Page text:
Eastern Michigan quarterback Brogan Roback, a St. John’s Jesuit graduate, split time last year but is expected to be the Eagles' starter this season. BLADE PHOTO
CANTON, Ohio — Eastern Michigan senior quarterback Brogan Roback said the turnaround from the 2015 season to last year for the Eagles was culture changing.
“Everyone on the campus is happy for you — teachers, family, alumni, everyone,” Roback said “It was awesome. Going to a bowl game and just seeing everyone so proud and those people with a lot of love for the school just be happy, it really brings out a lot of true fans.”
From 1-11 in 2015 to 7-6 in 2016, the Eagles experienced a dramatic resurgence of the program. For Roback, a St. John’s Jesuit graduate, it also coincided with his growth as a player.
Roback shared time last season with transfer Todd Porter and came on strong the last five games of the season after Porter suffered an injury.
“Last year was a learning experience,” Roback said. “I’ve had a few of those and I think that’s the one that put me over the top. Those tough times made me learn and they turned me into the player and the person I am now. Without that I don’t think that would have happened.”
After last year’s dream season for the Eagles, Roback is itching to get out on the field for his senior season.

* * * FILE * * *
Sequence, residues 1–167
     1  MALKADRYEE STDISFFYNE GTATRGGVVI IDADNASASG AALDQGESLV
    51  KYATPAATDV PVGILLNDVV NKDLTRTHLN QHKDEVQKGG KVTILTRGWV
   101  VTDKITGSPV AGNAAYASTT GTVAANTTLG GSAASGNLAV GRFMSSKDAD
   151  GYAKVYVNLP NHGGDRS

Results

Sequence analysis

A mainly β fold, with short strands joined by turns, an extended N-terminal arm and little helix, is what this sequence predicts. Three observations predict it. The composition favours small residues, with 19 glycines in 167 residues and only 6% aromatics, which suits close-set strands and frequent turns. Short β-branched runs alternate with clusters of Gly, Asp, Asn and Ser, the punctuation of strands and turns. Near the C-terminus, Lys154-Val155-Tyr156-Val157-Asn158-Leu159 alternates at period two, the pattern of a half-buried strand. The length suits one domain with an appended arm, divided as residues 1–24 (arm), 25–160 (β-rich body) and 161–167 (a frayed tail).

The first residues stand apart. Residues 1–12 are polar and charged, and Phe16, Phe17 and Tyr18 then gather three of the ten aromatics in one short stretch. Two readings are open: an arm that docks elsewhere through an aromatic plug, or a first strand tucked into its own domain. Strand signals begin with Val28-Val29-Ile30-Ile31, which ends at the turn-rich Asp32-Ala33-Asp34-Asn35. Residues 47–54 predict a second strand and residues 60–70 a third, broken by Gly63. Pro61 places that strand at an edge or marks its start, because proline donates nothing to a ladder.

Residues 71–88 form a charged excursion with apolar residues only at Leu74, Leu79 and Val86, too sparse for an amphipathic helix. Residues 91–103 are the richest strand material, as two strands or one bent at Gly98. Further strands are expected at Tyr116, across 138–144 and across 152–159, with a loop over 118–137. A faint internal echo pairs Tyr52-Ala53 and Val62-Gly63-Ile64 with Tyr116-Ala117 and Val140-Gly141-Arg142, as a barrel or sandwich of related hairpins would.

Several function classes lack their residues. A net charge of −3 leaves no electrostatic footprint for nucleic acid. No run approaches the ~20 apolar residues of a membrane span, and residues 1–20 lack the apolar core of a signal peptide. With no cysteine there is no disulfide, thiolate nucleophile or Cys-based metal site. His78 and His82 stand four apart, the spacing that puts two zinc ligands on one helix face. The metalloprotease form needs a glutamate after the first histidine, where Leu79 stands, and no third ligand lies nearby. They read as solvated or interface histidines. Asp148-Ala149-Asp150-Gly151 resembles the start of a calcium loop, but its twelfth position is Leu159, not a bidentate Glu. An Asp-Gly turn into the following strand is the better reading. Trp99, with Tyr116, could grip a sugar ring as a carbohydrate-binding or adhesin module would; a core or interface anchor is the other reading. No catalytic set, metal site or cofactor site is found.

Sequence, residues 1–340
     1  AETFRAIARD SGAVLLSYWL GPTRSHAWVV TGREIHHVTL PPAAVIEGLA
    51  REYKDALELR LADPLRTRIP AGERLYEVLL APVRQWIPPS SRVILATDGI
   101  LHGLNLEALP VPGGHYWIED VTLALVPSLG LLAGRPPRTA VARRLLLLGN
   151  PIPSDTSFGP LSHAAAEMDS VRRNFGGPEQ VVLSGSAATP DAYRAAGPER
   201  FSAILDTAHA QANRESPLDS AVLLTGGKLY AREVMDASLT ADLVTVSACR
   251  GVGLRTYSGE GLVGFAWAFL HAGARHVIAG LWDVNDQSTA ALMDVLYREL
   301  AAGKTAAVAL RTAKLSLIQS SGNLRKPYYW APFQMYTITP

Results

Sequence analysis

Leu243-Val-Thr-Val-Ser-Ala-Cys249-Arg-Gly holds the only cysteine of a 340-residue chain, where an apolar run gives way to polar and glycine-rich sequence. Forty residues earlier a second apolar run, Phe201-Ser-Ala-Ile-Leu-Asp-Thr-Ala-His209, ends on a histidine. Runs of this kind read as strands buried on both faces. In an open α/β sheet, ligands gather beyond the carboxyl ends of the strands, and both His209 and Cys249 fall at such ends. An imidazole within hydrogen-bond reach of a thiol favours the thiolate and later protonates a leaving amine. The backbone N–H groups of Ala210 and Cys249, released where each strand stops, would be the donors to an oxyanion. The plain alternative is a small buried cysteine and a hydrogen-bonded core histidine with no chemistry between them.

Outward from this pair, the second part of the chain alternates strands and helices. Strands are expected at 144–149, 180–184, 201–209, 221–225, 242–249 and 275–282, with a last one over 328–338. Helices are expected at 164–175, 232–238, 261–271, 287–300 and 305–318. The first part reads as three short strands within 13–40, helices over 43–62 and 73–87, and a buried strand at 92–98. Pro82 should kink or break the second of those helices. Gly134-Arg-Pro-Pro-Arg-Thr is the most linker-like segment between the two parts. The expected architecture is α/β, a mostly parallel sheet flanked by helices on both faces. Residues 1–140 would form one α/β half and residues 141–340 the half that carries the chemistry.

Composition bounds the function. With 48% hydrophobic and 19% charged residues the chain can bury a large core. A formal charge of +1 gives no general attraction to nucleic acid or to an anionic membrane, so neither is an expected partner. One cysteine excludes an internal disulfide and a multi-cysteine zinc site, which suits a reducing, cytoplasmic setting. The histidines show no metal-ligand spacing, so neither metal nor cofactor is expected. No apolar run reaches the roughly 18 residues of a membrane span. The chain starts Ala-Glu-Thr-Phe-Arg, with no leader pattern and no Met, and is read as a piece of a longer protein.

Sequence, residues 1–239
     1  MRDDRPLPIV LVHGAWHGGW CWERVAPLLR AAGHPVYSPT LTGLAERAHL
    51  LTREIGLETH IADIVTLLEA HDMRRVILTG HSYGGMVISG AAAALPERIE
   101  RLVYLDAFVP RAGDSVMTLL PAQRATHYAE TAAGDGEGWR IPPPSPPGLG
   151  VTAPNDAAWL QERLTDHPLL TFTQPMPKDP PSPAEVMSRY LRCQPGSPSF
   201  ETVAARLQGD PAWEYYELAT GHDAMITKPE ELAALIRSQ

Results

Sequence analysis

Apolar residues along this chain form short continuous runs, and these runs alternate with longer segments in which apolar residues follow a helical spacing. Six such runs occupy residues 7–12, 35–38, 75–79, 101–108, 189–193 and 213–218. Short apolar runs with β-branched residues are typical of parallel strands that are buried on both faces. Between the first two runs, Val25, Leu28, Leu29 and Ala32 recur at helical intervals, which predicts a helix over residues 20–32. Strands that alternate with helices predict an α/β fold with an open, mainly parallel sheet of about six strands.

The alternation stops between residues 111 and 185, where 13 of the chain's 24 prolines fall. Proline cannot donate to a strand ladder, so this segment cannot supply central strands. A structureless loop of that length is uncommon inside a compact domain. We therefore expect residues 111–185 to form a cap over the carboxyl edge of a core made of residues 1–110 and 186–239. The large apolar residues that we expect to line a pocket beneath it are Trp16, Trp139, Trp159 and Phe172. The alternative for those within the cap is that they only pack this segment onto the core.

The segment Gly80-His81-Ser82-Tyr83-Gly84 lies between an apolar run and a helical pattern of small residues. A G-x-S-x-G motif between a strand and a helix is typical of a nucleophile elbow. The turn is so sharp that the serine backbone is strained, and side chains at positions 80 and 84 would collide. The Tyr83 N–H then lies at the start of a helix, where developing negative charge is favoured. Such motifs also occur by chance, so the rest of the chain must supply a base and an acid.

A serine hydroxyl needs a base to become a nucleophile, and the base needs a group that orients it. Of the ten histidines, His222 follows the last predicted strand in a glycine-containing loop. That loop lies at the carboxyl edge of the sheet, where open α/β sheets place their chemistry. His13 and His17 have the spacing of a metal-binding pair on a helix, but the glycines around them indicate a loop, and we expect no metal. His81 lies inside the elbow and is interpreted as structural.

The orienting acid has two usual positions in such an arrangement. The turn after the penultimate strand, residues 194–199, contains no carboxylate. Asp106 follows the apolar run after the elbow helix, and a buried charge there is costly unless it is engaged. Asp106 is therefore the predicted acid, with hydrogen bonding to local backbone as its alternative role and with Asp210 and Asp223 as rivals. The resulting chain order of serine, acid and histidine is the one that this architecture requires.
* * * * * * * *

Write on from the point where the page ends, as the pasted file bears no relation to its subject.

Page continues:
“I’m taking this day by day,” Roback said. “I’m just excited to be back out there with my guys and I just want to play the game that I love and do it with them. I’m looking forward to getting back out there and competing.”
Roback was the first ever 4-star recruit to play for Eastern Michigan and has seen his share of ups and downs in his career.
“When I was coming out of high school, there was the whole 4-star thing,” Roback said. “I was a young kid and I thought I had it all and thought talent would get me by. I had to learn and grow. My game has come long way, by learning and developing and being around a lot of people with great minds.”
Eastern Michigan coach Chris Creighton immediately recognized Roback’s talent and now is counting on him to be a leader for the team.
“He’s always been super talented,” Creighton said. “He’s worked on his game, there’s no question, but he is super talented. I think like with everybody, you grow up a lot from 17 or 18 to 21 or 22. He has become the leader of our team. When you are playing as a freshman with all these older guys, anything you can contribute is awesome. I think at some point in the last year or so, it’s like ‘Okay wait, I’m that older guy. I’m that leader’. I’m excited for him.”